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Pretty sure the XL2 will be the camera peeps want to over the DVX. The lens is just to short on the DVX IMO. I just hope they have as good or better image controls then the DVX has. I mean you dont buy a $5k Canon Still camera and have the settings dumbed down. For the love of god let me screw myself with jacked up settings if thats what I want to do.

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I seem to be the only guy on the planet that loves to shoot with the XL1S. It just fits my shoulder and feels great, and I am using the crummy little shoulder support that came stock with the camera, not the bigger "balanced" support with the batteries and XLR's. I will agree that it is a little front heavy, but doing a doc a couple of years ago, I had it up on my shoulder for six or seven hours a day, and it was fine.

 

On the other hand, I just can't work with the PD-150 or DVX-100 for handheld. Holding those little things out in front of me just doesn't work, far too unsteady. Fine on a tripod, but then again almost anything is fine on a tripod.

 

-Tim

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I love shooting with my XL1s as well. I have the MA100 and it fits on my shoulder just find that way. I could never go handheld with something I couldn't rest on my shoulder, my arm would just give out.

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I seem to be the only guy on the planet that loves to shoot with the XL1S.

 

Don't get us wrong I don't think anyone is taking issue with the quality produced by the XL1. I've shot some nice video with it. The fact is too that its not the only game in town and other camera's also produce nice pictures.

 

The design of the XL is in some middle ground, its not a good palm corder, and its not a real shoulder mount recorder. It has a psuedo shoulder mount. Most of the weight is in the lens. So the part of the camera that sits on your shoulder doesn't really counter balance the lens even with batteries on the back. Well maybe if you were using an Anton Bauer brick.

 

Because most of the weight is in the lens even with the shoulder mount most of the weight rests on the handgrip which is supported by your forearm.

 

Of course the DVX and PD-150 also rest on your hand and forearm, but are much easier to hold in your palm than the XL. Even the Aaton A-minima is easier to hand hold than the XL.

 

On a tripod the XL is front heavy so you are forced to balance the tripod head for its front heaviness. I've been in the unfortunate position of working with the XL and having a lightweight tripod whose head could not adjust for unbalanced camera weight. So everytime you unlock the break the head wants to swing foreward.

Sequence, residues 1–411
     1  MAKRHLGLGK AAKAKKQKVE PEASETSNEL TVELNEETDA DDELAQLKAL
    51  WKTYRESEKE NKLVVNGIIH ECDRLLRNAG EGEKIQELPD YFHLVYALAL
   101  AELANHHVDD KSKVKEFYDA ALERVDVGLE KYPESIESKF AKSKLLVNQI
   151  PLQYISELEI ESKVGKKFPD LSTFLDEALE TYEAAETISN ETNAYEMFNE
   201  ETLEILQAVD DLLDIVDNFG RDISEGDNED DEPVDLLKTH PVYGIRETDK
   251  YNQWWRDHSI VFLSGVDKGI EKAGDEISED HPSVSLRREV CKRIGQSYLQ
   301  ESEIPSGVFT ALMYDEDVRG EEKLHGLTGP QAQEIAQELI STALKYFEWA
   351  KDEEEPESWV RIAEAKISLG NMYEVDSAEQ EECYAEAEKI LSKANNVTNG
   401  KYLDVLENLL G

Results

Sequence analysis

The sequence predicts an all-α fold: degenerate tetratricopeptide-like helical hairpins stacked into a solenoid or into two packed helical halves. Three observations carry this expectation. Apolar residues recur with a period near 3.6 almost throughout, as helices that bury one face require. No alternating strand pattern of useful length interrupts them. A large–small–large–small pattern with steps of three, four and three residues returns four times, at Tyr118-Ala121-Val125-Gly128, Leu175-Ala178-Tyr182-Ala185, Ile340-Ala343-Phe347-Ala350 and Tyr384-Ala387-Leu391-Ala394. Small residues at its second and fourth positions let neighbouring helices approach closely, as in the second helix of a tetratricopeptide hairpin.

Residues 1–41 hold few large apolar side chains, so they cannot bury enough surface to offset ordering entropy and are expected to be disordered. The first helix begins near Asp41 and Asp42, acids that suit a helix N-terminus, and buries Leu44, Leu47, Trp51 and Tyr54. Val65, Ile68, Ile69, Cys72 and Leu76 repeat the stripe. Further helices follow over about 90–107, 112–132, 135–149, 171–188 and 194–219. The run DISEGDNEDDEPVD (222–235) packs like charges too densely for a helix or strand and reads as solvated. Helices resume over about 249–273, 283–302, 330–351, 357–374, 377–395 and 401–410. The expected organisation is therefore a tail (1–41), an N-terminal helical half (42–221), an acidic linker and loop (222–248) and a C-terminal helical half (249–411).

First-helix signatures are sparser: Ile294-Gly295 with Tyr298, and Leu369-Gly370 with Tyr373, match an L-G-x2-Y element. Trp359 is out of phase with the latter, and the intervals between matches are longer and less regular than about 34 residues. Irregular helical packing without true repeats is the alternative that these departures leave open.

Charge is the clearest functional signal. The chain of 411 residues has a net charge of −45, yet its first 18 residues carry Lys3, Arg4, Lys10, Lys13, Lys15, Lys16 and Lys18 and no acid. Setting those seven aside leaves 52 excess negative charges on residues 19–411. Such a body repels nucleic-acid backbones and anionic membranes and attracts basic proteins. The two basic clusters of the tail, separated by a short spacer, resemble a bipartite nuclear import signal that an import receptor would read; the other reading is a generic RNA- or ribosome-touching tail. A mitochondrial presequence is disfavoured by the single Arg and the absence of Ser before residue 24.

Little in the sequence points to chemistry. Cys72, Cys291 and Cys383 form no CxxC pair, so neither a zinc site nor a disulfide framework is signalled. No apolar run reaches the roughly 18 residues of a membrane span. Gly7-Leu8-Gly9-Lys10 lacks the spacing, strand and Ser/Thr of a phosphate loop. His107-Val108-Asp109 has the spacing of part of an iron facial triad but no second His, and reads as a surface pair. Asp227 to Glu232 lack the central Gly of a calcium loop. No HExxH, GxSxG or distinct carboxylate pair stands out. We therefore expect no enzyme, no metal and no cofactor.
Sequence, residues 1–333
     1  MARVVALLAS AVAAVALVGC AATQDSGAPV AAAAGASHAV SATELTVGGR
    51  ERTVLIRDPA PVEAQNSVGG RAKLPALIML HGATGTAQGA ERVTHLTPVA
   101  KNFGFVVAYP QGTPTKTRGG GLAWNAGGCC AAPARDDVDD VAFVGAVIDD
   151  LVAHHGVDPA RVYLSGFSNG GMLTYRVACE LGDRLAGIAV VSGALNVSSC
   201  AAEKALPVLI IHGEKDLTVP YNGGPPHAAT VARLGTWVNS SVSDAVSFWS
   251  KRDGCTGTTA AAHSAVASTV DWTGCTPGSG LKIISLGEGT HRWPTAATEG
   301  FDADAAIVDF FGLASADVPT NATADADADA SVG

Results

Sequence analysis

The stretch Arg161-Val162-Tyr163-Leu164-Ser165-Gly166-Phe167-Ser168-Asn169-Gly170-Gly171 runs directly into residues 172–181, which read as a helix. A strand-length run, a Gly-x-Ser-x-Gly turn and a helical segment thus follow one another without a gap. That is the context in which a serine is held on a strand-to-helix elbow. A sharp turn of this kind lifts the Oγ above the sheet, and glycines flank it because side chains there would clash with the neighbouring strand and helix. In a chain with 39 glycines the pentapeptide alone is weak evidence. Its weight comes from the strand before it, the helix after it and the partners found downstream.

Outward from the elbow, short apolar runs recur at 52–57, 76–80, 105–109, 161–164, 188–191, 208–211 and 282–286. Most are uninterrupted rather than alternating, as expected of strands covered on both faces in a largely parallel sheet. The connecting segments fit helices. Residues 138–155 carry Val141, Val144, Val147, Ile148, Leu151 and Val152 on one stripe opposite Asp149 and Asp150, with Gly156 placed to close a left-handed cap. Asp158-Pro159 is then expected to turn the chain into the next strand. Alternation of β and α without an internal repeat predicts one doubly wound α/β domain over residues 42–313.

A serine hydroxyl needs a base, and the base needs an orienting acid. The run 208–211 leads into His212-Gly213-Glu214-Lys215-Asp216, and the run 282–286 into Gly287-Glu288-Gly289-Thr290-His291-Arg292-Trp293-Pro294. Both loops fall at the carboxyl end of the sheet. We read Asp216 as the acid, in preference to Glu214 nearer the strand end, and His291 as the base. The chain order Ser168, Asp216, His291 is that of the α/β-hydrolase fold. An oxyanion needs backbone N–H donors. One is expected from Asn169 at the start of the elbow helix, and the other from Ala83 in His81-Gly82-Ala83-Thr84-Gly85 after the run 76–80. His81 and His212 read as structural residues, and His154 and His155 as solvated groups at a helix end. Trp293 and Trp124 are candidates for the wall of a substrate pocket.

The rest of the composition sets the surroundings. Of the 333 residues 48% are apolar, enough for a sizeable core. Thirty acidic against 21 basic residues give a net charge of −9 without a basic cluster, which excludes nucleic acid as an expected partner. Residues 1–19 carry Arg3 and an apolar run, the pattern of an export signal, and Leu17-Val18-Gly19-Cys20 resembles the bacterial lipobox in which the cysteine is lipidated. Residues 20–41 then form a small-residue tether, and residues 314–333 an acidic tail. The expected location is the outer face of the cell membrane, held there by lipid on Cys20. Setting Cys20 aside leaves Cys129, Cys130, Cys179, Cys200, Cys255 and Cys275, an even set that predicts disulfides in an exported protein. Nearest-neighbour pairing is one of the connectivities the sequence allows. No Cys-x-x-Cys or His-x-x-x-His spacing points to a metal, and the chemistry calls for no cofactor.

While with real professional EFP video camera's place the shoulder mount truely in the middle of the camera. Balanced between lens and battery, little of the camera's weight rests on your hand or forearm.

 

A professional EFP video camera on its tripod is made to sit on the head in the middle between lens and battery. So balancing its weight is less an issue.

 

As far as controls I complain about the controls on nearly all prosumer cameras. The controls are all over different places from camera to camera, and are labeled differently. Often critical controls you may need to use quickly are buried in menu's.

 

While with pro EFP camera's most of the critical controls are out near the operator, and are generally in the same place and easy to find.

 

 

Given the choice I'd rather go with a better camera design.

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Guest Pete Wright

Hey guys,

 

Lets put this in a perspective. The PAL model will do 720x576 pixels. It is compressed 5:1. The Varicam will record 960x720 pixels and is compressed 6.5:1. Both are progressive. The PAL Canon will probably cost $6,000 with a lens. The Panasonic costs $90,000 with a lens. You can rent Mini 35 if you need more shallow DOF. You can change the pitch digitally from 25p to 24p.

 

The Canon costs 15x less, or you can say that ther Panasonic is 1,400% more expensive, while the Canon records with 22.5% lower resolution. It is the least expensive camera that can be used for a little decent movie production. No camera near its price or no matter how much more expensive gives you the performance/cost ratio.